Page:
Cigarette Smoking Identified as Risk Factor for Postmenopausal Psoriasis

Cigarette smoking is associated with a higher risk of developing psoriasis among postmenopausal women, and smoking cessation mitigates this risk.

Among postmenopausal women, cigarette smoking was found to be associated with increased risk for psoriasis, according to study findings published in the American Journal of Clinical Dermatology. Smoking cessation was found to be associated with a decreased risk for psoriasis for moderate smokers in this population. Alcohol consumption was not found to be an independent risk factor for psoriasis in postmenopausal women.

Investigators sought to evaluate whether alcohol consumption (by status, frequency, and alcohol subtype) modifies smoking-related psoriasis risk in postmenopausal women and to determine the effect of smoking cessation on psoriasis risk in this population.

They conducted a review that included 118,097 postmenopausal women linked to Medicare data who were enrolled in the Women’s Health Initiative (WHI) between 1993 and 1998. They used fee-for-service Medicare International Classification of Diseases, Ninth Revision (ICD-9), Clinical Modification codes assigned by dermatologists or rheumatologists to identify patients diagnosed with psoriasis. Self-administered questionnaires provided information on smoking and alcohol habits, as well as medical history and demographic data.

WHI eligibility criteria included age from 50 to 79 years, postmenopausal status (no menstrual period for at least 6 months if 55 years of age and older and 12 months if aged 50 to 54 years), and intention to reside in the same area for at least 3 years. Women were recruited from 24 states and the District of Columbia through a mass mailing. Women with diagnosed psoriasis prior to WHI enrollment (2-year look-back period) were excluded, as were those missing smoking or alcohol habit data, leaving a final analytical cohort of 106,844 study participants.

Cigarette smoking, but not alcohol consumption, is an independent risk factor for psoriasis in postmenopausal women.

Baseline enrollment characteristics revealed that women who were White, had higher education, held managerial/technical jobs, and earned a higher income consumed more alcohol. Women who were nondrinkers or past drinkers were more likely to hold jobs in the service/labor industry, engage in less physical activity, and have a higher body mass index. A greater proportion of nondrinkers or past drinkers had comorbidities.

During 21 years of follow-up (mean 12.6 years), the investigators found 2837 (2.7%) new diagnoses of psoriasis. The initial statistical model revealed that past and current alcohol drinkers were at higher risk of psoriasis vs never-drinkers (P-trend <.001). After adjusting for cigarette smoking, there was no association between alcohol consumption and psoriasis risk (P-trend =.478). There was also no association with psoriasis for the effect of alcohol by status, frequency, or alcohol subtype (wine, beer, or liquor).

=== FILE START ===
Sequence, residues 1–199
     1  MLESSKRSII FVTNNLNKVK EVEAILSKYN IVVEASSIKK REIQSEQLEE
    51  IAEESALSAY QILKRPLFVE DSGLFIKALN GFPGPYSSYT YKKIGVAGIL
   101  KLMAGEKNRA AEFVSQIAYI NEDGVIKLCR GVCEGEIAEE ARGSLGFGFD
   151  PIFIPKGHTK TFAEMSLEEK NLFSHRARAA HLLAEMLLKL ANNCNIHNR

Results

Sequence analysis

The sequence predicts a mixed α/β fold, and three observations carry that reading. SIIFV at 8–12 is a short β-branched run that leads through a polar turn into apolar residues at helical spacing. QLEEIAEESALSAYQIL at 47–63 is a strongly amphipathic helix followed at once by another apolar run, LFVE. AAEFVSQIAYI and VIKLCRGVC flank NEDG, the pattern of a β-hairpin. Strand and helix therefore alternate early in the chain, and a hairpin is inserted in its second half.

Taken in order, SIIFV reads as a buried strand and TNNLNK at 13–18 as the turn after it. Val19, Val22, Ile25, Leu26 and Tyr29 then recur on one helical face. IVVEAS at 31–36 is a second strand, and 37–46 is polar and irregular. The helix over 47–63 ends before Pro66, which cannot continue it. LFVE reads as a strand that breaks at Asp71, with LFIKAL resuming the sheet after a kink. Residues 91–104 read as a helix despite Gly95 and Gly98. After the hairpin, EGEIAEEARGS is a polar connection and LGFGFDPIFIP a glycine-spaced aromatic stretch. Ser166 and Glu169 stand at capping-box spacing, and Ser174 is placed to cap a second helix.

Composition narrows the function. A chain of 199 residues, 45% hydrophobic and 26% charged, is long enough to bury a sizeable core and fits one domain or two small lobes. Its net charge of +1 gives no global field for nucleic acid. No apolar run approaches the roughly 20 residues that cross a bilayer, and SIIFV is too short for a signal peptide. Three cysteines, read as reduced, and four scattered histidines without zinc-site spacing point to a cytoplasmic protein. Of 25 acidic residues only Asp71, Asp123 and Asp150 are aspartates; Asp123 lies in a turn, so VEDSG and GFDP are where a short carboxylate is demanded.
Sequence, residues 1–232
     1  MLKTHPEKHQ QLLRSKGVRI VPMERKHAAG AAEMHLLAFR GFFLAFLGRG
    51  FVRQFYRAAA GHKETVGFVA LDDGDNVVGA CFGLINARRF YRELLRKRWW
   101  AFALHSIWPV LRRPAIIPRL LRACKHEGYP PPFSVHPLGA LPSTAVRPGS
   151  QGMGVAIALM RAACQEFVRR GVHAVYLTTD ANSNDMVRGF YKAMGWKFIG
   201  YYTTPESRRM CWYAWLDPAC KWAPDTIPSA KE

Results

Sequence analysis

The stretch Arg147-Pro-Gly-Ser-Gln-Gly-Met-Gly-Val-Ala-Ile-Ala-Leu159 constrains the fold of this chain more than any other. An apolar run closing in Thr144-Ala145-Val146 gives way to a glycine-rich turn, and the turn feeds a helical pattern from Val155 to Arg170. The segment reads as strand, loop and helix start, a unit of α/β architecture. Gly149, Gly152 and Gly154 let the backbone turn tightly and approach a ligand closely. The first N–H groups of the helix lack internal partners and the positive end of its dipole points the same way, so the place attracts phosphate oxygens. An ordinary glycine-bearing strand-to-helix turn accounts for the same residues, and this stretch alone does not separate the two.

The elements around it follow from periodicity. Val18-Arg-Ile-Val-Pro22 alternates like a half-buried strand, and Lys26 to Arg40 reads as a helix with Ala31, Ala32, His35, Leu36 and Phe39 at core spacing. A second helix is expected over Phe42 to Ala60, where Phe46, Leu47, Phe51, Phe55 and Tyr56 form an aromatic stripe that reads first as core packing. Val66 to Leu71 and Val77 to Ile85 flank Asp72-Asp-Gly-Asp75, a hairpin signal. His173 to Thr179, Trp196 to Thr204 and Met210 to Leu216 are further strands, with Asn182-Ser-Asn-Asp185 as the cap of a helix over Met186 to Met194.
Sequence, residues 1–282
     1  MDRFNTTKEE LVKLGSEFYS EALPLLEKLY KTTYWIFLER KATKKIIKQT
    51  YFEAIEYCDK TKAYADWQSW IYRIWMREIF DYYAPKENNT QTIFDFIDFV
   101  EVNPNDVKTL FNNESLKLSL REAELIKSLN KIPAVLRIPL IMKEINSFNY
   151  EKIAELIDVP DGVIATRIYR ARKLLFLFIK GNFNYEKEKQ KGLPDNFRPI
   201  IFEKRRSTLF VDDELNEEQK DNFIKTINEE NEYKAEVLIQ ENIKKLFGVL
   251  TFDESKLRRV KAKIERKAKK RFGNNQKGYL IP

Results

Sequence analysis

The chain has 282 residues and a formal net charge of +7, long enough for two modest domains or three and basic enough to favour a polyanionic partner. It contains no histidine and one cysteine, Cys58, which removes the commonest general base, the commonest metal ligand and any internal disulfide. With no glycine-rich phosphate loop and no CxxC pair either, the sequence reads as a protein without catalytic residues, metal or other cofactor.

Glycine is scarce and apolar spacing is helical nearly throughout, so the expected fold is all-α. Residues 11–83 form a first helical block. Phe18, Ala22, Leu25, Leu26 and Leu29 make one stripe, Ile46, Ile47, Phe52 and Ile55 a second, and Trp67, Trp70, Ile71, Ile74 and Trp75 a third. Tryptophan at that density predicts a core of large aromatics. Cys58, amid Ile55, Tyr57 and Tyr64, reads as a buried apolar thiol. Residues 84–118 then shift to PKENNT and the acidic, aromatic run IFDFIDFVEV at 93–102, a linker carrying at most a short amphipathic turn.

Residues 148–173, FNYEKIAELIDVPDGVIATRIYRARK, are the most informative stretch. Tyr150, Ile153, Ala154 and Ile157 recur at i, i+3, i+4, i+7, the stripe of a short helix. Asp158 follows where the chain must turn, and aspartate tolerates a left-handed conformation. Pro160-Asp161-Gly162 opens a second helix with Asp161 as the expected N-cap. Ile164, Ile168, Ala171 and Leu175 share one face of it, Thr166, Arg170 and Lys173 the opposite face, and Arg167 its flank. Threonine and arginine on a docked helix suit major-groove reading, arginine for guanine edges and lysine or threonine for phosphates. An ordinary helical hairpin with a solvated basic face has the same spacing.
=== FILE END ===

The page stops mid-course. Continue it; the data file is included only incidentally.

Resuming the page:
Investigators noted an increasing risk for psoriasis with greater pack-years vs never-smokers (P-trend <.001). Past smokers had a lower risk of developing psoriasis compared with current moderate (5-14 cigarettes per day) smokers (hazard ratio [HR], 0.67; 95% CI, 0.51-0.88) and current smokers (for 5-24 years; HR, 0.65; 95% CI, 0.46-0.90).

Study limitations include an incidence of psoriasis (2.7%) based on ICD-9 codes that was higher than the US population prevalence of 2.2%, which could affect generalizability; the relatively short look-back period of 2 years; limitation of enrollment to postmenopausal women with available Medicare claims data; ICD-9 codes (not available before 1991) that may have missed undiagnosed psoriasis prior to ICD-9; self-reported data that may include response bias; and the unconfirmed assumption that alcohol and smoking habits remained unchanged during the observation period.

Investigators conclude, “Cigarette smoking, but not alcohol consumption, is an independent risk factor for psoriasis in postmenopausal women.” They added that cigarette smoking is associated with worse disease severity and lack of response to therapy. They urge a greater emphasis on smoking abstinence and cessation counseling, which may help patients who already face other risk factors for psoriasis.

Disclosure: Some study authors declared affiliations with biotech, pharmaceutical, and/or device companies. Please see the original reference for a full list of authors’ disclosures.

This article originally appeared on Dermatology Advisor


Li W, Chan AA, Han J, Chlebowski RT, Lee DJ. Alcohol and smoking cessation as potential modulators for smoking-associated psoriasis risk in postmenopausal women: the Women’s Health Initiative. Am J Clin Dermatol. Published online January 20, 2023. doi:10.1007/s40257-022-00750-8